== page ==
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Smith v. United States

United States Court of Appeals, Seventh Circuit

December 13, 2017

Michael Smith, Petitioner-Appellant,
v.
United States of America, Respondent-Appellee. United States of America, Plaintiff-Appellee,
v.
Michael J. Khoury, Defendant-Appellant.

          Argued November 14, 2017

         Appeal from the United States District Court for the Northern District of Illinois, Eastern Division. No. 16 C 6606 - Robert W. Gettleman, Judge.

         Appeal from the United States District Court for the Southern District of Illinois. No. 3:15-CR-30013-DRH-1 - David R. Herndon, Judge.

          Before Bauer, Easterbrook, and Sykes, Circuit Judges.

          EASTERBROOK, CIRCUIT JUDGE.

         These appeals, which we have consolidated for decision, present the question whether a conviction for residential burglary in Illinois under 720 ILCS 5/19-3 (1982) counts as "burglary" for the purpose of the Armed Career Criminal Act, 18 U.S.C. §924(e). Taylor v. United States, 495 U.S. 575 (1990), holds that a state's label is not dispositive and that a conviction counts only if the offense meets a federal definition of "generic burglary". We held in United States v. Haney, 840 F.3d 472 (7th Cir. 2016), that the pre-1982 version of Illinois law covering ordinary burglary did not satisfy the federal definition. Michael Smith and Michael Khoury (collectively "defendants") ask us to hold the same about the residential-burglary statute under which they were convicted.

         The facts and procedural histories of these cases do not matter. It is enough to say that each defendant was convicted of possessing a firearm, see 18 U.S.C. §922(g)(1), despite earlier convictions making that illegal. Each is serving 180 months' imprisonment, the statutory floor for someone convicted of this crime who has three or more earlier convictions for a violent felony or serious drug offense. Section 924(e)(2)(B)(ii) includes "burglary" in the list of violent felonies but does not define "burglary." For both defendants a 180-month sentence is proper only if a conviction for residential burglary in Illinois under the 1982 revision of 720 ILCS 5/19-3 is "generic burglary" under Taylor. The appeals in both defendants' cases arise from collateral attacks, but the United States waived all procedural defenses in order to facilitate appellate resolution of the question, which affects many other sentences. None of the procedural matters is jurisdictional, so the waivers are conclusive. See Wood v. Mi-lyard, 566 U.S. 463 (2012).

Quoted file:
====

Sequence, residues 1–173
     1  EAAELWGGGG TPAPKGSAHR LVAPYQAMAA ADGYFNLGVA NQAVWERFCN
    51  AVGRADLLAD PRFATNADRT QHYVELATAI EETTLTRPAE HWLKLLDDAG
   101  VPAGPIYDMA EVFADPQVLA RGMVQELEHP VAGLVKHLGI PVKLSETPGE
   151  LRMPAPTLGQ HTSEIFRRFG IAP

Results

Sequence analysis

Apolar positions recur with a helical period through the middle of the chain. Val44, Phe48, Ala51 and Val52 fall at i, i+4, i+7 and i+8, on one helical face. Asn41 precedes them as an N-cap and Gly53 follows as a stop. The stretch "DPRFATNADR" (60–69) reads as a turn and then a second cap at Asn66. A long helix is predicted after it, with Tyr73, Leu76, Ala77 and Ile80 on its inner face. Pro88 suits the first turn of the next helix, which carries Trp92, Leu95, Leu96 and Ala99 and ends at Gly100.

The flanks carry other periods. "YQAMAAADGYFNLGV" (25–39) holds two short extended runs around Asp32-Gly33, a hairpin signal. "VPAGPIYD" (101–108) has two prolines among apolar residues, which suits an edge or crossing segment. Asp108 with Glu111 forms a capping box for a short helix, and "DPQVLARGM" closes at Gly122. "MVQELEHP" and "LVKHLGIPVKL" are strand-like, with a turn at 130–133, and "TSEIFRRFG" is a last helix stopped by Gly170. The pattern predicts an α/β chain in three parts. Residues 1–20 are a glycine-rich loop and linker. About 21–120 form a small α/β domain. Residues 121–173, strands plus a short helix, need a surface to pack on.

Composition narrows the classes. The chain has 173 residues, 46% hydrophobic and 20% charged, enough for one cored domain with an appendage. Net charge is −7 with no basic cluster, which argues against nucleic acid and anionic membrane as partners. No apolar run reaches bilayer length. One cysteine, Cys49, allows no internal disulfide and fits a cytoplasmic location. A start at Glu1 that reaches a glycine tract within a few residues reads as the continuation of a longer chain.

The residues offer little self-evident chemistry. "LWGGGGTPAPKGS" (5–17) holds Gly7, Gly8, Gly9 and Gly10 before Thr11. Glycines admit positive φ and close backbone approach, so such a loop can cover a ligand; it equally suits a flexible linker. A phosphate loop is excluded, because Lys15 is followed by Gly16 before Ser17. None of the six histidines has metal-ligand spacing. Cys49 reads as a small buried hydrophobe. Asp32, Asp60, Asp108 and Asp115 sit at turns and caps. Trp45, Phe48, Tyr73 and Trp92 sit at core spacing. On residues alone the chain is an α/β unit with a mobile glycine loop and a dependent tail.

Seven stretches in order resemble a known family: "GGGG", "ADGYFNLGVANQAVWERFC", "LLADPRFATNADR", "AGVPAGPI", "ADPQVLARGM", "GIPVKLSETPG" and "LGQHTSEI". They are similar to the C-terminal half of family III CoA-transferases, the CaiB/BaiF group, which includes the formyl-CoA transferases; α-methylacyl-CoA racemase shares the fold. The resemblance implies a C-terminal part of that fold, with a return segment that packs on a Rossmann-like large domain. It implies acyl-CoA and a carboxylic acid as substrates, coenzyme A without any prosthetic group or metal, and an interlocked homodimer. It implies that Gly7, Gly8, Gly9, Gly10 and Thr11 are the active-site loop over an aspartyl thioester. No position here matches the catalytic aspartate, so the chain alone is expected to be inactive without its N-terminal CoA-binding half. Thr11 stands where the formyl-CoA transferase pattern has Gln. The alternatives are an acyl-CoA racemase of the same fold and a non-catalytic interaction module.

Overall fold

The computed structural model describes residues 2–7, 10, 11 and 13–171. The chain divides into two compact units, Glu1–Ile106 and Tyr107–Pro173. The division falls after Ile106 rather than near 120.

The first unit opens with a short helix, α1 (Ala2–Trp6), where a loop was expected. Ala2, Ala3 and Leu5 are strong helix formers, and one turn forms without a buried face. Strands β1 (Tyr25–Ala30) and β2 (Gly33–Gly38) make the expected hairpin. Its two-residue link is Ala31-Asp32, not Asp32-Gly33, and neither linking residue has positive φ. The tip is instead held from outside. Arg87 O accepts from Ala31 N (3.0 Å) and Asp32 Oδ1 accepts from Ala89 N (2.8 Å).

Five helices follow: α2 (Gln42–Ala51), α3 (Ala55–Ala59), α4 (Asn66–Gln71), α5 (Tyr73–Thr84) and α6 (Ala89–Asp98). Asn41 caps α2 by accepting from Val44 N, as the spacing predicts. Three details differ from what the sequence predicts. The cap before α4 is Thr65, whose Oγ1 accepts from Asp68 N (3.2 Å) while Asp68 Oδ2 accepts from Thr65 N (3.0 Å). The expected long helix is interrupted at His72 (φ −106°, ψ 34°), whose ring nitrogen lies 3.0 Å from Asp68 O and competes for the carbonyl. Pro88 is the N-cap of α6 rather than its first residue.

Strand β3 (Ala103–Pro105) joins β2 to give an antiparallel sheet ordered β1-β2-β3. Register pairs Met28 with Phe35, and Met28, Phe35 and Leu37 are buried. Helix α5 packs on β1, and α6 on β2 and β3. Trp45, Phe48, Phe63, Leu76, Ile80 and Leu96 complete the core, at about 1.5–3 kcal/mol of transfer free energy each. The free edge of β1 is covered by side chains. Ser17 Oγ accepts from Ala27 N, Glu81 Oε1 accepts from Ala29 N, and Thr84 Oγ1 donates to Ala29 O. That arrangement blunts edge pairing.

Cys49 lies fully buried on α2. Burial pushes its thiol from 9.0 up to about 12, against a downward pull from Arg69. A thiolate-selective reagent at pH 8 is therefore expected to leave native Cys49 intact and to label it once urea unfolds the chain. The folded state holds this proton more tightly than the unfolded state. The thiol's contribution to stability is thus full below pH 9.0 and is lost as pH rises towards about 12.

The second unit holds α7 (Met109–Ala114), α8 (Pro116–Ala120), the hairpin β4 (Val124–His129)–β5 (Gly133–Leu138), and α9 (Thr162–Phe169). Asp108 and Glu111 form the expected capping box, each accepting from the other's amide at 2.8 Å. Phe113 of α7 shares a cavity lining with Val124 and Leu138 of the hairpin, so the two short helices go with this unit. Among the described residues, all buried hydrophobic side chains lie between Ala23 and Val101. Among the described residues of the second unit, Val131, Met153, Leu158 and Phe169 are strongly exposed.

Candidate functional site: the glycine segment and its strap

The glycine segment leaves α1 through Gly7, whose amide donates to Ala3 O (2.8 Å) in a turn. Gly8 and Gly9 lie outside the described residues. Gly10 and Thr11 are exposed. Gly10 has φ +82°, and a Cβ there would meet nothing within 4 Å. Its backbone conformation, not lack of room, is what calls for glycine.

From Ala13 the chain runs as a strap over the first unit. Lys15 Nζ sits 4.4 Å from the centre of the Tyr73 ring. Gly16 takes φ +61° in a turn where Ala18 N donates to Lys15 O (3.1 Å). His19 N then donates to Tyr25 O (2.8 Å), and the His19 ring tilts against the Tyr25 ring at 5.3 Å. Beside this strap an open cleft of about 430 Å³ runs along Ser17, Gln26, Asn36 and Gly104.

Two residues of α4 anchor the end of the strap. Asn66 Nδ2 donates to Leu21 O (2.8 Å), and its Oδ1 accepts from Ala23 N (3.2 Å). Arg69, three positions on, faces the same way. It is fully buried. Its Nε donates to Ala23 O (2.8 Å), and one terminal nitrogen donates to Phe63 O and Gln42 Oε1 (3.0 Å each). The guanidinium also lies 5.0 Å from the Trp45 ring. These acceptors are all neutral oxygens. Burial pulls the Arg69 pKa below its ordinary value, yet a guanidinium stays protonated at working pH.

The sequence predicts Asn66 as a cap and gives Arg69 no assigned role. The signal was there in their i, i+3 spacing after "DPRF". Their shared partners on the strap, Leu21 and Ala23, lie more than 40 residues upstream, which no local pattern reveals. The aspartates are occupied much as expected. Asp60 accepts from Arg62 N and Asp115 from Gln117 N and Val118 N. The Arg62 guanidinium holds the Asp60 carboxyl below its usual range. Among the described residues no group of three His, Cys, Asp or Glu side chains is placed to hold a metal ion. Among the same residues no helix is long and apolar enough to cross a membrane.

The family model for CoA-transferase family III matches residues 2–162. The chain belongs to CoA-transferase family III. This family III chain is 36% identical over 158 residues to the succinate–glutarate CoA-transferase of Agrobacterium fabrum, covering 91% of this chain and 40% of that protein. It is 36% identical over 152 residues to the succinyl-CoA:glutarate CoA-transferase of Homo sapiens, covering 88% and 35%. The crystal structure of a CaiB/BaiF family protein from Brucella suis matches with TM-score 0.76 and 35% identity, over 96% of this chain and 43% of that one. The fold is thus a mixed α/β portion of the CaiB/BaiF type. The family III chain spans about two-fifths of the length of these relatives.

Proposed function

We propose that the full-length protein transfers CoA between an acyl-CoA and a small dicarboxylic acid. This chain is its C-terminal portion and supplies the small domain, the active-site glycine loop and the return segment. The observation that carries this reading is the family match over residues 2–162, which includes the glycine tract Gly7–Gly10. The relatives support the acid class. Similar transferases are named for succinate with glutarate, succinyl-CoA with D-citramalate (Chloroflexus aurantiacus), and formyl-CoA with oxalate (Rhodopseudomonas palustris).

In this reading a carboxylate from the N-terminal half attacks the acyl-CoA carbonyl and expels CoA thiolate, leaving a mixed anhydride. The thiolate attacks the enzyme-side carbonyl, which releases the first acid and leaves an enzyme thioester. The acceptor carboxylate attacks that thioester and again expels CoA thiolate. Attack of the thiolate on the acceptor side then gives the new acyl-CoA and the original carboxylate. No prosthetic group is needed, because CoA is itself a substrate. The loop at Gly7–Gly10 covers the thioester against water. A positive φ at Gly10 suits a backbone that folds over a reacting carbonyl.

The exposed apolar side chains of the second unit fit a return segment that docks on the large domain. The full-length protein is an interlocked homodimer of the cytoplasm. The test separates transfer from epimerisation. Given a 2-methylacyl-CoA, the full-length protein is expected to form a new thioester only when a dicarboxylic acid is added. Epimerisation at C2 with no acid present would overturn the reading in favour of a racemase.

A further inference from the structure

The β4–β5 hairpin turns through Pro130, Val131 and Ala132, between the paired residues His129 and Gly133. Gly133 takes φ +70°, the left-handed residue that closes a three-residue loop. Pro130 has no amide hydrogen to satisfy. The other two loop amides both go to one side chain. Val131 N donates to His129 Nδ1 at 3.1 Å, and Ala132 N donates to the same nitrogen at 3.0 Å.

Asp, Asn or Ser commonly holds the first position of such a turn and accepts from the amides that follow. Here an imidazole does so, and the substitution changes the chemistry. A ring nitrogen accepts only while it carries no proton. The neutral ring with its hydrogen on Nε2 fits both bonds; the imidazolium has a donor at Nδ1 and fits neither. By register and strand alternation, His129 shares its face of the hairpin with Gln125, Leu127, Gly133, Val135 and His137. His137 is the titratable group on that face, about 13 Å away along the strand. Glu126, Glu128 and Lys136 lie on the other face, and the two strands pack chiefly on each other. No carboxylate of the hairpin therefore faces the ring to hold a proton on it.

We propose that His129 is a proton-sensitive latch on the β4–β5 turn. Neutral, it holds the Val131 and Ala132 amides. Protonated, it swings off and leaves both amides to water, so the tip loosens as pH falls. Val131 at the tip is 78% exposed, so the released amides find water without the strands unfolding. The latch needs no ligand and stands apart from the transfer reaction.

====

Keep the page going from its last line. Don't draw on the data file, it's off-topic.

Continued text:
Both district judges relied on Dawkins v. United States, 809 F.3d 953 (7th Cir. 2016), which they read as conclusively establishing that residential burglary in Illinois satisfies Taylor. But the only question addressed in Dawkins was whether residential burglary in Illinois includes the element of breaking and entering; we answered yes. Dawkins did not consider whether the Illinois offense includes the element of entering a "building or other structure" (Taylor, 495 U.S. at 598). That a given decision resolves one legal argument bearing on a subject does not mean that it has resolved all possible legal arguments bearing on that subject. See Rodriguez-Contreras v. Sessions, 873 F.3d 579, 580 (7th Cir. 2017). So defendants' argument about the building-or-structure element is open.

         In Illinois, "[a] person commits residential burglary who knowingly and without authority enters the dwelling place of another with the intent to commit therein a felony or theft." 720 ILCS 5/19-3(a). (This is how that statute read between 1982 and 2001; changes since then are irrelevant for the purpose of §924(e).) Another statute defines "dwelling":

(a)Except as otherwise provided in subsection (b) of this Section, "dwelling" means a building or portion thereof, a tent, a vehicle, or other enclosed space which is used or intended for use as a human habitation, home or residence.
(b) For the purposes of Section 19-3 of this Code, "dwelling" means a house, apartment, mobile home, trailer, or other living quarters in which at the time of the alleged offense the owners or occupants actually reside or in their absence intend within a reasonable period of time to reside.

720 ILCS 5/2-6. (This definition has been in force since 1987, before defendants' predicate crimes occurred.) Defendants maintain that "a tent, a vehicle, or other enclosed space" is not a "structure" as the Supreme Court required in Taylor- which adopted as the common-law definition of burglary

any crime, regardless of its exact definition or label, having the basic elements of unlawful or unprivileged entry into, or remaining in, a building or structure, with intent to commit a crime.

         495 U.S. at 599. Subsection (a), in which the phrase "a tent, a vehicle, or other enclosed space" appears, does not apply to the crime of residential burglary. To be convicted of that offense, a person must enter "a house, apartment, mobile home, trailer, or other living quarters". And that phrase seems to come ...


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